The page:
February 17, 2011 in Washington Voices

Landmarks: Actor’s murder-suicide left behind fame, forgiveness

By The Spokesman-Review
 
Jesse Tinsley photoBuy this photo

This is the final resting place of actor Albert Salmi, who played many stage and screen roles through his long career. His cremated remains are in a niche at the Greenwood Memorial Terrace.
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Greenwood Memorial Terrace in Spokane is the final resting place for a well-known stage, screen and television character actor. You know his face when you see it, even if his name doesn’t come immediately to mind. But then, that’s who a good character actor is.

Albert Salmi starred with Kim Stanley in the original Broadway production of “Bus Stop” in 1955, playing the cowboy Bo Decker. One of Salmi’s daughters recalled learning that when the film version was being cast the next year, with Marilyn Monroe in the lead, Monroe begged Salmi to reprise the role. Apparently he didn’t think much of film work, and refused. The role went to actor Don Murray, who went on to earn an Academy Award nomination for the performance.

Salmi was born in Brooklyn in 1928 to Finnish parents and grew up speaking Finnish. After a stint in the military, he used the GI Bill to study method acting at the prestigious Actors Studio with Lee Strasburg, moving quickly into stage work, including playing the role of the restless Westerner in the 1954 Broadway production of “The Rainmaker,” starring Geraldine Page.

He moved over to live television drama and was lauded for his performance in the U.S. Steel Hour’s live 1956 broadcast of “Bang the Drum Slowly.” Finally he moved to film, his first role being in the 1958 “The Brothers Karamazov,” for which he spurned an Oscar nomination. He made many films, working with such industry greats as Paul Newman, Burt Lancaster, Yul Brynner, George C. Scott and Robert Redford. He actively sought out Western roles, for which he largely became known, according to his daughters Lizanne Salmi and Jennifer LaRue, both of Spokane Valley.

“I think he really kind of fancied himself as a cowboy,” said LaRue, who writes the Verve column for The Spokesman-Review’s Voice section.

Salmi costarred in such TV series as “Daniel Boone” and “Petrocelli” and was a guest star in dozens of others, such as “Murder She Wrote,” “Have Gun Will Travel,” “Dallas” and “The Twilight Zone.” For one episode of “Gunsmoke” in 1967, he received the Western Heritage Award from the National Cowboy Hall of Fame. This was his most prized award, LaRue said, and it is now a cherished possession in Lizanne Salmi’s home.

Salmi and his wife, Roberta Pollock, raised their two daughters in Hollywood, but moved to Spokane in the mid-1980s. “He decided that once I graduated from high school, me being the youngest, they’d get out of Hollywood,” said LaRue. “He hated that whole scene. We had a condo at Schweitzer, where most of our neighbors were from Spokane, so he looked for a home in Spokane.”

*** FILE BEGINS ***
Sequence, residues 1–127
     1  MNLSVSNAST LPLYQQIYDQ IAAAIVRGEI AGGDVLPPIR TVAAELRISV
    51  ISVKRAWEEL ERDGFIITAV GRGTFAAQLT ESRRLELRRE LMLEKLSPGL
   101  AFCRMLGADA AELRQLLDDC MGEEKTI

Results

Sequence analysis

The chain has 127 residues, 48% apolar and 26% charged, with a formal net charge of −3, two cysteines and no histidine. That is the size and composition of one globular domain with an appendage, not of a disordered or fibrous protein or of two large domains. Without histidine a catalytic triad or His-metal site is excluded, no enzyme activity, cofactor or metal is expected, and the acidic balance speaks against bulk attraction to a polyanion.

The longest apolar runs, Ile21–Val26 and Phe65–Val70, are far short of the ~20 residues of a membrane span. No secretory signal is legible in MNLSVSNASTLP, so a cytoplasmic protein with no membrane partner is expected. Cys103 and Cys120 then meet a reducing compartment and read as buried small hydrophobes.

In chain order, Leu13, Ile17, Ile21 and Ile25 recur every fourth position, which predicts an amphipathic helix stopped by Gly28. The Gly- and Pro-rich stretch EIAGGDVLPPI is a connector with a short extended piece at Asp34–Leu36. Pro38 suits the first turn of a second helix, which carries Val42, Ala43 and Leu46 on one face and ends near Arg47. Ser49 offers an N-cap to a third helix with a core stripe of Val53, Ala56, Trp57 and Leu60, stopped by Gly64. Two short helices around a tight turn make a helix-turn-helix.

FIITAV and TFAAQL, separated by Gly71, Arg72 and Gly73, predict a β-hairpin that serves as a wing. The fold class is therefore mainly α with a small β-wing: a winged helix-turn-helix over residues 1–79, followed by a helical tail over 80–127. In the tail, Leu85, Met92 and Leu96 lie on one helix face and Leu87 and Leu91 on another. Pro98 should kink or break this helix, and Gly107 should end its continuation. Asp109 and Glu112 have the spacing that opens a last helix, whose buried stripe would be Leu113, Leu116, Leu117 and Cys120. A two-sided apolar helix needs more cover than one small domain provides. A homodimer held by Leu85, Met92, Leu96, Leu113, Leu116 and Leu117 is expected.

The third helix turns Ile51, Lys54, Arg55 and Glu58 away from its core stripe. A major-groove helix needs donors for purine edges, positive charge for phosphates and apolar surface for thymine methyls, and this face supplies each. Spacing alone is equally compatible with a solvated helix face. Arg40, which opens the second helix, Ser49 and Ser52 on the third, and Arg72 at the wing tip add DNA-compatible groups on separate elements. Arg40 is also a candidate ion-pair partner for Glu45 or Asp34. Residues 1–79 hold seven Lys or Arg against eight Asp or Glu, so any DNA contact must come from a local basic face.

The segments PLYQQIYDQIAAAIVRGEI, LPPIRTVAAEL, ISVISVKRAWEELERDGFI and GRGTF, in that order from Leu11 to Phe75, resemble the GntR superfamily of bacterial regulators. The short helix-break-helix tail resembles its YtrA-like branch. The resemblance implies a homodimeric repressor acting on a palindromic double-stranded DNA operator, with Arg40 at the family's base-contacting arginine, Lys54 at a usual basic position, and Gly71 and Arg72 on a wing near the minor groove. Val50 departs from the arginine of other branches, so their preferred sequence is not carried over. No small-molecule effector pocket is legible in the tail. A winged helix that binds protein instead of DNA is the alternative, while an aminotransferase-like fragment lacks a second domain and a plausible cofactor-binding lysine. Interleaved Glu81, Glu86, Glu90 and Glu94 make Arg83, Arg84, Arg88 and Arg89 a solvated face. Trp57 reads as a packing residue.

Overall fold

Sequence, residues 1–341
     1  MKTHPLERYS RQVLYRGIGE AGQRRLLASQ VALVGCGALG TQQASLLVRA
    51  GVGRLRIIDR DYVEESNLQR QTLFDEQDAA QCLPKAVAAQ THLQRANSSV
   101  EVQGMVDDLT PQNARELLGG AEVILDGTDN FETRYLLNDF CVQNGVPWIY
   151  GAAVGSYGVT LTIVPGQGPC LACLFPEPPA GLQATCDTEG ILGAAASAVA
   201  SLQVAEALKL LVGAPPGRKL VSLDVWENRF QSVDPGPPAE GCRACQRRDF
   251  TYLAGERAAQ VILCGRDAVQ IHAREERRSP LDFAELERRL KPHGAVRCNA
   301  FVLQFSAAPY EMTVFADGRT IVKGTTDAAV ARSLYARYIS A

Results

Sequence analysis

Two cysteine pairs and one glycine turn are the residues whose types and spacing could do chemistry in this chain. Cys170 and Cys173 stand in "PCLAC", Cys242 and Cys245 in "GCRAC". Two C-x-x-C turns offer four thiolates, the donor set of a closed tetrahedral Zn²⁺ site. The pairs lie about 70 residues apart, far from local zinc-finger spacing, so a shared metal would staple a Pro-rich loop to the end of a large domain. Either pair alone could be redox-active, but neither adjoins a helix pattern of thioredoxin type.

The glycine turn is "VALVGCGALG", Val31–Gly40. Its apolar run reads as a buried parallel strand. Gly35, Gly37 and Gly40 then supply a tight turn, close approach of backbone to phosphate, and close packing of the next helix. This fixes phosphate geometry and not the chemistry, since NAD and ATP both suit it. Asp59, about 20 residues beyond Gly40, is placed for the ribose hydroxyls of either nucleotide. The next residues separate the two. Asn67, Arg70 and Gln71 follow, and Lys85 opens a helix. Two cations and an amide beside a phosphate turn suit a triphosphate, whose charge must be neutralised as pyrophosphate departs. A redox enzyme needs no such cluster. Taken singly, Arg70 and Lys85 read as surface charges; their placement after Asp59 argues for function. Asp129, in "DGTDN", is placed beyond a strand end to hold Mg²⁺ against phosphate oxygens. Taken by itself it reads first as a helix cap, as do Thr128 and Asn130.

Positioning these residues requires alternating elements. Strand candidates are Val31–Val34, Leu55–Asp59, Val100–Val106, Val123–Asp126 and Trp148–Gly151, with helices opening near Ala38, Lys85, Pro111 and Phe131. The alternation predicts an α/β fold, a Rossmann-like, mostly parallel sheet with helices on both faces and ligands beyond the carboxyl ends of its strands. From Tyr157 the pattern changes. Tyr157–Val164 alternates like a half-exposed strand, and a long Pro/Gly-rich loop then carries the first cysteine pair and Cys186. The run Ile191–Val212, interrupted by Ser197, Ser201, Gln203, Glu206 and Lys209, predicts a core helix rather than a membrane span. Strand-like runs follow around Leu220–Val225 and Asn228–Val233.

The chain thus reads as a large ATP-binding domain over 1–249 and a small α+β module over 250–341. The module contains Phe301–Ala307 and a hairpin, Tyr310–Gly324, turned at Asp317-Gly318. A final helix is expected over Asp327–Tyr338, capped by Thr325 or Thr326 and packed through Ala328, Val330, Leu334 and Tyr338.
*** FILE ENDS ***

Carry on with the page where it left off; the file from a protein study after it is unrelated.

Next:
They found one on Rockwood Boulevard on Spokane’s South Hill, where Salmi loved to work in his garden and where he returned after going out on location for various acting roles. He also got involved in life in Spokane, including participation in the community’s WAMPUM charity auction, and teaching some theater classes at Spokane Civic Theatre.

The Salmi sisters often visited their father on set when they were girls and sometimes appeared as extras. “I remember when he was doing an episode of ‘Hart to Hart,’ he knocked me over as he ran through a field, as his character was supposed to do,” LaRue said. “But then it dawned on him that it was me, and with the cameras rolling, he stopped and turned back to ask me if I was OK.”

On Salmi’s marker, there is a simple line that reads “Our Beloved Dad,” which is very much how the daughters still feel today, even considering the circumstances of their parents’ deaths on April 22, 1990. That day the bodies of Roberta and Albert Salmi were found in the family home. Police determined it was a murder-suicide, with Salmi having shot his wife before taking his own life.

LaRue states that no one deserves to be murdered, but her parents both played a part in what happened. “My mother did some horrible things,” she said. LaRue has been outspoken about years of abuse she suffered at her mother’s hand.

There were many good things in her childhood, she added, but acknowledges that theirs was a troubled family. She remains fiercely loyal to her father, who she calls a kind man and suggests that things could have been better for him and the family if her parents had divorced when they considered it years before the incident.

Speaking of her parents, Lizanne Salmi said, “I have totally forgiven him. I loved them both.”

There is a biography about Albert Salmi, “Spotlights & Shadows: The Albert Salmi Story” by Sandra Grabman, which La Rue said provides good information about his life.

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